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Special purpose revenue bonds eyed for Kona Jet Center

KAILUA-KONA — The Senate Committee on Ways and Means will consider a bill Tuesday morning that would authorize the issuance of up to $50 million in special-purpose revenue bonds to assist in the development of the Kona Jet Center at the south end of the Ellison Onizuka Kona International Airport at Keahole.

The Kona Jet Center, being developed by AV8 Partners, will include a 36,000-square-foot hangar able to hold the largest private aircraft in the world, in addition to a 7,000-square-foot fixed-base operation, 50,000-gallon above-ground fuel facility and as much as 6 acres of new private ramp for its clients.

AV8 partners is a holding company of Keahole FBO I LLC, the company identified in the bill currently making its way through the state Legislature.

“We are extremely pleased and grateful that the first reading of this bill has passed, and hope we are successful with the State of Hawaii in proceeding with special purpose revenue bonds later this summer,” said Matthew Clayton of AV8 Partners. “We believe our project will be a new level of service to the general aviation community in Hawaii, and the near 1,600 movements that (Ellison Onizuka Kona International Airport at Keahole) sees at the south side of the airport on a yearly basis.”

Clayton added that the project is expected to create hundreds of jobs during construction and employ a couple dozen full-time employees once up and running.

The bill making its way through the Legislature would authorize the Department of Budget and Finance to issue up to $50 million in special purpose revenue bonds to assist in planning, design, construction, equipping and operation of the facilities.

Special purpose revenue bonds allow the state to offer financing to help private capital improvement projects that are considered to be in the public interest. The bonds aren’t state money and are bought by private investors, according to the state Department of Budget and Finance. Those investors take on the risk of losing their investment, but the interest payments they receive during repayment are tax-exempt.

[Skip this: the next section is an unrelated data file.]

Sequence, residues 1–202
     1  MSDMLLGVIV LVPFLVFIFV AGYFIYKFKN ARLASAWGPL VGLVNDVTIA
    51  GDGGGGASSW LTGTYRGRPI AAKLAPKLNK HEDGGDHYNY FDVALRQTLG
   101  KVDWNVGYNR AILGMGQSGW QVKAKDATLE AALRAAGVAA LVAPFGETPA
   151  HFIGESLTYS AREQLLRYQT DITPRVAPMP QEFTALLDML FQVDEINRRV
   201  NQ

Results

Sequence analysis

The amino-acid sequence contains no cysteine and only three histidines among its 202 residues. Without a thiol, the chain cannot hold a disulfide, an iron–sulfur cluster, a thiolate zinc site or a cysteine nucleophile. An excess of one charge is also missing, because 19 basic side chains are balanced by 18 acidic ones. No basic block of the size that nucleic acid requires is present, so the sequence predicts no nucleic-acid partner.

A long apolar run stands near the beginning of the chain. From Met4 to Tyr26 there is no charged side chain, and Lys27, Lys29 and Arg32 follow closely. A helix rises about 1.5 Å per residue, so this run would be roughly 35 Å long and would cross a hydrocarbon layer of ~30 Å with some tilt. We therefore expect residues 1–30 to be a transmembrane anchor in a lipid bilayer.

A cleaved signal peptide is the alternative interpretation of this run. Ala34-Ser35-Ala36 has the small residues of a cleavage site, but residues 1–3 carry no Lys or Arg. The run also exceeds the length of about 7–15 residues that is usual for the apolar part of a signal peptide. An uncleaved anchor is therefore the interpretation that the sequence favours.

The bonds don’t affect the state’s credit rating, nor do they divert funds from other infrastructural needs.

“The great thing about this is it’s a private sector development,” said Sen. Lorraine Inouye (D-North Hawaii), who introduced of the bill and whose district includes the airport.

Inouye said the Legislature has been looking for opportunities for public-private partnerships and, with the ongoing modernization effort at the airport, said this is a good opportunity to support the area south of the airport.

Clayton said phase 1’s total project cost is somewhere between $25-30 million depending on the final design features and that they hope to be operational in 2020, with this year focused on permitting, design, utility work and construction.

“At this stage of the project, AV8 is in discussion with numerous parties who have expressed interest in participating,” he added, “and we continue to explore options of strategic partnership.”

He said they’re interested in working with private sector neighbors at the airport and their main focus is getting “a healthy cashflow as soon as possible,” adding that they would only use as much capital raised through the bonds as they need.

“Our investors are interested in investing directly with our company,” he said. “It’s too early to say if they would invest in the bonds, though they may be interested because of the income and tax benefits.”

The company said in testimony to the Senate Committee on Transportation that the infrastructure will mainly serve private jets, and said it would also develop several millions of dollars worth of additional infrastructure for the Department of Transportation, such as ramp and road, which DOT would otherwise have to develop.

“This project calls for extension of roadways and utilities extended into our facility,” Clayton said. “All of this civil work is the responsibility of AV8 Partners to pay for and complete. We see other options at phase 2 of this project including the option for a much-needed and identified hotel for the airport and the hundreds and thousands of visitors coming through each year.”

Clayton added once they are operational, they’ll look at the market to determine the demand for that second phase.

The Senate Committee on Transportation recommended the bill be passed on Feb. 6, and the bill passed second reading last Wednesday. It was referred to the Senate Committee on Ways and Means that same day.

That committee is scheduled to hold a public decision making Tuesday morning.

In its report recommending the bill pass second reading and get a referral to Ways and Means, the Senate Committee on Transportation said it “believes that this project will benefit the state by generating revenue through taxes, fees, and leases, and will also create jobs in various sectors for residents of Hawaii.”
Source: Hawaii Tribune Herald

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